My next course was butter poached frog legs. The tear shaped bowl that the deboned leg came in was covered in white foam and garnished with edible flowers. Pulling the perfectly poached frog leg out of the foam made me think of the witch’s scene in Macbeth. The legs tasted delicious- with a hint of truffle oil. I didn’t get to taste my guest’s colorful braised vegetables, but she assured me it was brilliant as she scraped her fork to get the last bits of sauce.
Our next course was a veal loin course with a horseradish emulsion, torched squid and white asparagus. Each was plated in their own row and although they looked and tasted so differently, when each element of the dish was placed together they fused wonderfully. Each flavor and element was separate, but each element was cooked with skill and when brought together the flavor, texture, aroma, and look all complemented each other. “Maybe this chef does really think about food 24/7,” I thought.
The next was an intermission, a pre-dessert: a pecan yokan. Meh, it couldn’t match the flavorful main we just had but that was because what followed was a delicious yuzu curd dessert with flaky sables, meringue beurre and a dollop of chocolate sorbet. The yuzu curd is a flavor I think belongs on every dessert I shall have from now on.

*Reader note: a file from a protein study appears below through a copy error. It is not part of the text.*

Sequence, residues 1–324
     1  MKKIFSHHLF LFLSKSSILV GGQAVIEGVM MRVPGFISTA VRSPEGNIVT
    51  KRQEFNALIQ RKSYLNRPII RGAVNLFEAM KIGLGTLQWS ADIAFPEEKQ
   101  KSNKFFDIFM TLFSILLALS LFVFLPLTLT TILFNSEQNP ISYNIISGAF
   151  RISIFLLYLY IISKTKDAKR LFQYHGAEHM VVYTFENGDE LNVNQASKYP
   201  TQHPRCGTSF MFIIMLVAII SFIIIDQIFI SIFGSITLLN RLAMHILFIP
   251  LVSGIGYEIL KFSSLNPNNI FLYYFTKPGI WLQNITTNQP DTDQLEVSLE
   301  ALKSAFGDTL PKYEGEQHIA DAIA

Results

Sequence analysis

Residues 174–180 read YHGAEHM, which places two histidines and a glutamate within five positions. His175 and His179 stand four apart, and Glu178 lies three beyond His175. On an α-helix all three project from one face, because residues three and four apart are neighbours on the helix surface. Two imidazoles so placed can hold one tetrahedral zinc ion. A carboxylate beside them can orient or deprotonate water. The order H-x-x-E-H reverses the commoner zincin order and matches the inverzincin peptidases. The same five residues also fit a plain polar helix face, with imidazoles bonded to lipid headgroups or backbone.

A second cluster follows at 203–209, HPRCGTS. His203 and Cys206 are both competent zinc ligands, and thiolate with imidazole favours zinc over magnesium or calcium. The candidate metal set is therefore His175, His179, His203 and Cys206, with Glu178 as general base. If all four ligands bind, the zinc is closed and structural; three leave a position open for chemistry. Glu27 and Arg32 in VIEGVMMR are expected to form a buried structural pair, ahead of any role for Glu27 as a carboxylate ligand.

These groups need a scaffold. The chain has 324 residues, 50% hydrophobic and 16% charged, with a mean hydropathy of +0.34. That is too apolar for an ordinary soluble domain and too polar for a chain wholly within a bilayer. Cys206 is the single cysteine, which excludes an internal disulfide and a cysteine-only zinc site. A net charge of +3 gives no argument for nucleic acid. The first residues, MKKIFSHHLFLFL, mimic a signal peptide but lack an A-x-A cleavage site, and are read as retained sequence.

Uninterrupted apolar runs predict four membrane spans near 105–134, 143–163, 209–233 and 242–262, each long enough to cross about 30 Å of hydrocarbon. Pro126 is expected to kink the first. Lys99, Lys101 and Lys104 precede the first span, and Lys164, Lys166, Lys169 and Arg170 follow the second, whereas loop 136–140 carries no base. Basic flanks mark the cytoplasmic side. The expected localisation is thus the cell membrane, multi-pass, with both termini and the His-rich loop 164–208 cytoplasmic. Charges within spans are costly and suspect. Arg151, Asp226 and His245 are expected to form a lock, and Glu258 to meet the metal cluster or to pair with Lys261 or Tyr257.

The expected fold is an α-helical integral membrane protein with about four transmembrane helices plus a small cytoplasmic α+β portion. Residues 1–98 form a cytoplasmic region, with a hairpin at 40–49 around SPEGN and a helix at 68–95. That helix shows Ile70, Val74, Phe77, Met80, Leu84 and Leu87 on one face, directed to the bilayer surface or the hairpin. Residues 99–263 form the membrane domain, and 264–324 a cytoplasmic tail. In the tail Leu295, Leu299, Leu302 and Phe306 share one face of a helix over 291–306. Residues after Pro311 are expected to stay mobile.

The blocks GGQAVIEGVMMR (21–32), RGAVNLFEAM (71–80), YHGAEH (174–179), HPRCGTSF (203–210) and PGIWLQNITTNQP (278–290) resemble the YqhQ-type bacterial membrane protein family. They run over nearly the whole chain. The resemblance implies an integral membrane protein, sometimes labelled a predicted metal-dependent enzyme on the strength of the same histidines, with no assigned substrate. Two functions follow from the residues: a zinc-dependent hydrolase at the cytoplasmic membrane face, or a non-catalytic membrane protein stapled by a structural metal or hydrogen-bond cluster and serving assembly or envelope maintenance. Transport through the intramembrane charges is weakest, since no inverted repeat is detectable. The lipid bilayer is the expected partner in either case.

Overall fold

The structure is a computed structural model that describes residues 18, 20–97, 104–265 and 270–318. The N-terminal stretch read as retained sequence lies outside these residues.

Then came coffee and a few more flourishes: a white chocolate-covered cherry, chocolate sables and a little cookie topped with vanilla sorbet and a strawberry hat. 
Ok, not everything was perfect. For one, the bread could have been crustier (I prefer crusty bread) and the plastic, gothic chairs didn’t quite fit the décor (the staff assured me Italian chairs were being shipped.)  Regardless, if the chef can keep this level of service and quality up, this restaurant will do very well in this increasingly epicurious city.
LAB XXIV
*** (3-Stars out of 4)
T. (02) 511-4523
Opening hours: 11:30am—2:30pm; 6pm—11pm
Prices: Lunch 45,000—52,000 won; Dinner 85,000—92,000 won
GETTING THERE
A short taxi ride from Cheongdam Station, Line 7, Exit 9.
 
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Activities/ Events, Food News

36 Hours in Seoul: Food LSG Sky Chef’s Culinary Tour

I was asked by KTO to write a few articles on the topic of Korean food for their website, Koreataste.org. Here is my latest on the culinary tour for the LSG Sky Chefs.